With some Western governments itching to intervene militarily, given the complexities and potential risks of military entanglement, Russia’s previous attitude was described by a Russian Middle East expert as: “in a race across a minefield it is wise to let other runners overtake you.” Now that Moscow has escalated its military involvement, Russia could suffer significant casualties on the Syrian minefield. But if Putin succeeds in killing the Islamic State virus, he will have earned the world’s gratitude. This should be a win-win situation for the West: either the Russians clean up the mess created partly by non-stop Western meddling in affairs they do not understand, or else they get trapped in a quagmire.

Clear and present danger

Self-deluding fantasy notwithstanding, hardline Islamists quickly took over the anti-Assad insurgency that had begun as a genuinely popular and peaceful uprising and was crushed by brute force. This year, a sizeable number of US intelligence analysts let it be known that they were unhappy at facts and analyses being cherry-picked to fit the administration’s upbeat narrative regarding ISIS gains and losses. To recall the pragmatic wisdom of China’s late strongman Deng Xiaoping, the cat’s colour does not matter so long as it catches the mice. Peace will remain elusive in Iraq and Syria until ISIS is defeated. If the price of Syrian and Middle Eastern stabilisation is the survival of Assad as a secular dictator, is that really such a bad outcome compared to the anarchy unleashed in Iraq and Libya by the ‘democracy’ and ‘human rights’ promoting West?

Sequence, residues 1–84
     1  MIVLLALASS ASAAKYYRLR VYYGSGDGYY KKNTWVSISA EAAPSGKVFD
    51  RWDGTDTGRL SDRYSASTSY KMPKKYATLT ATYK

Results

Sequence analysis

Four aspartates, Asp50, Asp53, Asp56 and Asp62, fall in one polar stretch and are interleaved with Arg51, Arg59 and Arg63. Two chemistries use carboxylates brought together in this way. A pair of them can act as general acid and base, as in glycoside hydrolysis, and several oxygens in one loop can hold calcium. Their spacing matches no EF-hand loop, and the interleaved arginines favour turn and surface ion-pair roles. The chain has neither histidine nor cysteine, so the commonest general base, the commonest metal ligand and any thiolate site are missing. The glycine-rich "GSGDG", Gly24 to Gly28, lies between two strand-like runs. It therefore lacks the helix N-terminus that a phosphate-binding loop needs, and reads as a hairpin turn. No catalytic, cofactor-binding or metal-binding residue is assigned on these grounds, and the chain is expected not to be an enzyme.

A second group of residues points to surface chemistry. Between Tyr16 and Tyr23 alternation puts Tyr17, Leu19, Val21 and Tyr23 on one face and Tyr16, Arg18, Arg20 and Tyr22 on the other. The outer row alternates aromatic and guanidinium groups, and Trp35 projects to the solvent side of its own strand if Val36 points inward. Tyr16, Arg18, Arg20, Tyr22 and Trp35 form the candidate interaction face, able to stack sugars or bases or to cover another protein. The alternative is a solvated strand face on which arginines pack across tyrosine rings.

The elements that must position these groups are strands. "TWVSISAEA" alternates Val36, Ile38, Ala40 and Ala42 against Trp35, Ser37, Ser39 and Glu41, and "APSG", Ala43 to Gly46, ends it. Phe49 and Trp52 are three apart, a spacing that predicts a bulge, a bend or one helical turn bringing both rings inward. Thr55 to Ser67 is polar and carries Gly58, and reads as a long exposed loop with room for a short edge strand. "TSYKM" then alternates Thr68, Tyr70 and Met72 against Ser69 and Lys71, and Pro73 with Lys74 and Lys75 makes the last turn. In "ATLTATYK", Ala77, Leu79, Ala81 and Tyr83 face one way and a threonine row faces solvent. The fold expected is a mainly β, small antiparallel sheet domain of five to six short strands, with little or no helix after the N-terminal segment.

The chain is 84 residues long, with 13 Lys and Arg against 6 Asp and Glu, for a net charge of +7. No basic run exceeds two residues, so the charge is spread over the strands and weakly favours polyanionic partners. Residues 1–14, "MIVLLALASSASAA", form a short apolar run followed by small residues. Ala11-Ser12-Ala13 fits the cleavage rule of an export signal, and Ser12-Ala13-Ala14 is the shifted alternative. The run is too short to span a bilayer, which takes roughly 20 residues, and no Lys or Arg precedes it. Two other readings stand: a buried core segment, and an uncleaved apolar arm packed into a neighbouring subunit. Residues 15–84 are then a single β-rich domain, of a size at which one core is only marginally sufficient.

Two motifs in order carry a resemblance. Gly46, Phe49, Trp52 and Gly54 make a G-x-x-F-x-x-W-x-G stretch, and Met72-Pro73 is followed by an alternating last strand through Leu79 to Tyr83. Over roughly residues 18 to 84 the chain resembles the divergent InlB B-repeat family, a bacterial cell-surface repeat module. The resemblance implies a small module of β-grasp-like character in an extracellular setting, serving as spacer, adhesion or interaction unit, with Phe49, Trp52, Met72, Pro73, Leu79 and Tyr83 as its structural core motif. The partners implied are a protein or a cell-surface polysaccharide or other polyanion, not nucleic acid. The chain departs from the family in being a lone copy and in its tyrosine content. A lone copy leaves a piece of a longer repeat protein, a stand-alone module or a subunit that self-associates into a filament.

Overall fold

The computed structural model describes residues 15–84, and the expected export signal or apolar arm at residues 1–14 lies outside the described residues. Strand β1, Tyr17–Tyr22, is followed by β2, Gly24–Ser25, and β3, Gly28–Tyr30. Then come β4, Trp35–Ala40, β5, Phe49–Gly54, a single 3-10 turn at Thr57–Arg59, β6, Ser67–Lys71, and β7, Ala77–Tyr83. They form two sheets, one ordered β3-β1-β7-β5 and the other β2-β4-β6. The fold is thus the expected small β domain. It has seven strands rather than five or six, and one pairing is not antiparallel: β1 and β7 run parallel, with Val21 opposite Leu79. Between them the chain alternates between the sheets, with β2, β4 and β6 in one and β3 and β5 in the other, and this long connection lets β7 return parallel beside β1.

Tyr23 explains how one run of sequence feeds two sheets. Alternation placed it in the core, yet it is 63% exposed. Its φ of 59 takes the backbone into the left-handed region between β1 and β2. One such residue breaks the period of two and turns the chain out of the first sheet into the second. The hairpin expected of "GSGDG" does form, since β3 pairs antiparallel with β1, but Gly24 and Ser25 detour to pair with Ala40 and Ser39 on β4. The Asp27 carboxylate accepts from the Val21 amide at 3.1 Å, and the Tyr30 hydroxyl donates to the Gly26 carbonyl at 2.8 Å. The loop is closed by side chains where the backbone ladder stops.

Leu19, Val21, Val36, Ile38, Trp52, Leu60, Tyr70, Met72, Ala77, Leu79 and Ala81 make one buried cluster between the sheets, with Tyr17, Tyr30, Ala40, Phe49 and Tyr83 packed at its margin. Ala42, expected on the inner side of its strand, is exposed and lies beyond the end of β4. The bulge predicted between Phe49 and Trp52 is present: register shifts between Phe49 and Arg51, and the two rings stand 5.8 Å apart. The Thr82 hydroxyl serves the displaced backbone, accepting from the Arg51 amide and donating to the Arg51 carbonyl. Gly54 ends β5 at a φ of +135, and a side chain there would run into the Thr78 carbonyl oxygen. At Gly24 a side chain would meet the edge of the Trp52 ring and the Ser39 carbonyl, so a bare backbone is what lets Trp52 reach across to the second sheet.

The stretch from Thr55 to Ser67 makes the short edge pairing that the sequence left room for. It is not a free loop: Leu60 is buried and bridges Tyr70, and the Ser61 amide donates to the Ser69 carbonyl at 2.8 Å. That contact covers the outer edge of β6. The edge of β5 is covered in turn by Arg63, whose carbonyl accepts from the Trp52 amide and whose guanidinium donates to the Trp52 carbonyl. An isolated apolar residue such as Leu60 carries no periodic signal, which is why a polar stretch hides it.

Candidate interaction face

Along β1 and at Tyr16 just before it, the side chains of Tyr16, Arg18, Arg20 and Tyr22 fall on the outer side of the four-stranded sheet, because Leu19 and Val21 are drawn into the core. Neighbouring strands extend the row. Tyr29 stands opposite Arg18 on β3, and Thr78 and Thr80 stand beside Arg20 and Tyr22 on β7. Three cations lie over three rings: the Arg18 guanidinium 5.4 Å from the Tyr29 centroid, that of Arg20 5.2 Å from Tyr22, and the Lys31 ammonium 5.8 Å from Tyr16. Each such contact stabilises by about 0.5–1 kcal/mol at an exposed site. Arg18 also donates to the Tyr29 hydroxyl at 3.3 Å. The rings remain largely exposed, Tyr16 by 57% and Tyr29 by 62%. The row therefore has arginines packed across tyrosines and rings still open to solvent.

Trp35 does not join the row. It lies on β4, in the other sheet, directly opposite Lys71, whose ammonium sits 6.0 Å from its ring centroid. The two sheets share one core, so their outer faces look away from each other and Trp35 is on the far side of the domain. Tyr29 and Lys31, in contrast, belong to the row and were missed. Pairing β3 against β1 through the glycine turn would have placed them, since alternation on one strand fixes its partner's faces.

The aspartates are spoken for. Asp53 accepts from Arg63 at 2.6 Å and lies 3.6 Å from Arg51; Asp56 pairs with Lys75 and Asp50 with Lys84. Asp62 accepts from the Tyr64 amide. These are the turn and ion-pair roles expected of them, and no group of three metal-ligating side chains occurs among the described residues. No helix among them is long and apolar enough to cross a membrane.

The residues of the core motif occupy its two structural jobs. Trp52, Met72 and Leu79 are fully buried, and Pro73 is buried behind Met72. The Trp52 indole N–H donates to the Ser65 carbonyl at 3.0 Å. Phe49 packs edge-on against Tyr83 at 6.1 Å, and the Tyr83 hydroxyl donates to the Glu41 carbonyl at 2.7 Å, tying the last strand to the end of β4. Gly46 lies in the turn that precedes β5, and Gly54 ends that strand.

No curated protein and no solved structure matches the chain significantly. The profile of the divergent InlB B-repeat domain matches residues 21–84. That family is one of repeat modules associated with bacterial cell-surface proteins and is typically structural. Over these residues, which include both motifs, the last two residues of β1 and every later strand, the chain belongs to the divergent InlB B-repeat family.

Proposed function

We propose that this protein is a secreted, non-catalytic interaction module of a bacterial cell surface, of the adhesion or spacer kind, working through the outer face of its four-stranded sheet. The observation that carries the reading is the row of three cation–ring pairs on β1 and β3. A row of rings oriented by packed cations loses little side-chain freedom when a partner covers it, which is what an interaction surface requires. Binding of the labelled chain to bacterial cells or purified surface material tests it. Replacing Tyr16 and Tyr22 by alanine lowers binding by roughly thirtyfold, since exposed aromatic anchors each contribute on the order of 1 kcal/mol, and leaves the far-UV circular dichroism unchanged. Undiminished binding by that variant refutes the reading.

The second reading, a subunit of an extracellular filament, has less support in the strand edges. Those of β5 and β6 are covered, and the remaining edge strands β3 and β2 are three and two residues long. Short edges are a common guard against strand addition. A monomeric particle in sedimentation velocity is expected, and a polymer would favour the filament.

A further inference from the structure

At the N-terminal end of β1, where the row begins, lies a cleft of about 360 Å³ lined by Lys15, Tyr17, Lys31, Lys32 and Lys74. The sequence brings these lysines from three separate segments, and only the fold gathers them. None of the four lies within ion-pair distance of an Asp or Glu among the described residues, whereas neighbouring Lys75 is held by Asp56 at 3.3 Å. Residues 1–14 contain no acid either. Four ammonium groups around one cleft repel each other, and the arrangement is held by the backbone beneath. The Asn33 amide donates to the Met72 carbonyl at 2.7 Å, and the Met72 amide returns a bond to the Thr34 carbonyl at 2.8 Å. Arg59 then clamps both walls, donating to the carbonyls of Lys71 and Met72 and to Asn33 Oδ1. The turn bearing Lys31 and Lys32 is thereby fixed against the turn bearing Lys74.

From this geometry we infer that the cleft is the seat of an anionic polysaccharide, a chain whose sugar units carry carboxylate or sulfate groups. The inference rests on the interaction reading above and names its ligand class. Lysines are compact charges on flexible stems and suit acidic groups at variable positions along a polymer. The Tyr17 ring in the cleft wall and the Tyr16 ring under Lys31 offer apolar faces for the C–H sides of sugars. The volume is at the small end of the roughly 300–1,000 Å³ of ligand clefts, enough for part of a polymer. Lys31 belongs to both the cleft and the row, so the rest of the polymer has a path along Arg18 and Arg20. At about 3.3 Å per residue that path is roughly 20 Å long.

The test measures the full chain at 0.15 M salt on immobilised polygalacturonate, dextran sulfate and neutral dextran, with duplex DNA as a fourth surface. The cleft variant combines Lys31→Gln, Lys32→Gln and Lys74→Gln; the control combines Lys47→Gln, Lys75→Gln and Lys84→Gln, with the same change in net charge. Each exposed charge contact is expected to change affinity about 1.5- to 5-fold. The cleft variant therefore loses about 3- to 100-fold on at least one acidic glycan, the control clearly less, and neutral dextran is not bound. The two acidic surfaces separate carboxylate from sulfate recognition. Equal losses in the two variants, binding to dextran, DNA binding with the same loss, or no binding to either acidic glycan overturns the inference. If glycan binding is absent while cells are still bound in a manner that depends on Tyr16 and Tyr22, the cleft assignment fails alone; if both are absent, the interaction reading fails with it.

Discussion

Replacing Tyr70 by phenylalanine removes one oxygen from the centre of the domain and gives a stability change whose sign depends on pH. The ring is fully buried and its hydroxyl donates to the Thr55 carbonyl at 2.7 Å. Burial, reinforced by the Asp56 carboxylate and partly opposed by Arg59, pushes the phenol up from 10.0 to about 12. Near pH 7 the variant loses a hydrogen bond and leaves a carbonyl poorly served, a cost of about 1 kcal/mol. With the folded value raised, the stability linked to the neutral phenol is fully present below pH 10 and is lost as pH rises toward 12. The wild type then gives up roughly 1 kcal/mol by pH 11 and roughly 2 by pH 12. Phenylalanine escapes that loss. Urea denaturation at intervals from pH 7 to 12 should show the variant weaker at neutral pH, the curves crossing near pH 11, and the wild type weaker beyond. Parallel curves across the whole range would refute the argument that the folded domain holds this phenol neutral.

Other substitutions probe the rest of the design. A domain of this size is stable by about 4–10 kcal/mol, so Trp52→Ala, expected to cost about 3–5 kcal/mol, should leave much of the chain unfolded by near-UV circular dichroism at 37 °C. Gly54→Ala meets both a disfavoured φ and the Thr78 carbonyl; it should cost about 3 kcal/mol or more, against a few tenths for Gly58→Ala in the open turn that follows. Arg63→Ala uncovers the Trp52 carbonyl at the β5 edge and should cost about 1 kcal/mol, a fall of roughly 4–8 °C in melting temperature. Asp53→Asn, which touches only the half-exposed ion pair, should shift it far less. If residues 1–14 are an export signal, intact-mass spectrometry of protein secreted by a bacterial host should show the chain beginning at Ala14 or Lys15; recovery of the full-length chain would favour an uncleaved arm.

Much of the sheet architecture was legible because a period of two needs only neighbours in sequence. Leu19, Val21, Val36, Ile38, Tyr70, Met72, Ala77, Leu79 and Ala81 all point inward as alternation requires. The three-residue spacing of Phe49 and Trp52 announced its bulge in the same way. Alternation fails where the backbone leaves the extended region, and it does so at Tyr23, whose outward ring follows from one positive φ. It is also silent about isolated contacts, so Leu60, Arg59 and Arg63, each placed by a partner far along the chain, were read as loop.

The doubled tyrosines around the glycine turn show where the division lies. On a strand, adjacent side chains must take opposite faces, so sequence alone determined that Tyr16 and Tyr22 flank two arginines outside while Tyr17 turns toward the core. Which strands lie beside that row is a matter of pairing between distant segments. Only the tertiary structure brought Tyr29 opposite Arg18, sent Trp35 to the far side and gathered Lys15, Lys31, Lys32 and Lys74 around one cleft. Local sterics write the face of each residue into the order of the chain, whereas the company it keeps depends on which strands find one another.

Like Yogi Berra, when he comes to a fork in the road, Obama believes in taking it. Where the West has vacillated between trying to force Assad’s departure and resisting the spread of jihad, Moscow has been clear-eyed and hardheaded: the top goal is to “defeat, degrade and destroy” (an Obama slogan) the jihadist threat for which Assad is a necessary partner. Moscow has even urged the West to make common cause on this. Recalling Churchill, the Americans are not done yet with exhausting all other options.

As the conservative US politician Patrick Buchanan asked in his blog on 17 September, a collapse of the Assad regime “would result in a terrorist takeover, the massacre of thousands of Alawite Shiites and Syrian Christians, and the flight of millions more refugees into Jordan, Lebanon and Turkey — and thence on to Europe. Putin wants to prevent that. Don’t we?”

Ramesh Thakur is professor in the Crawford School of Public Policy, Australian National University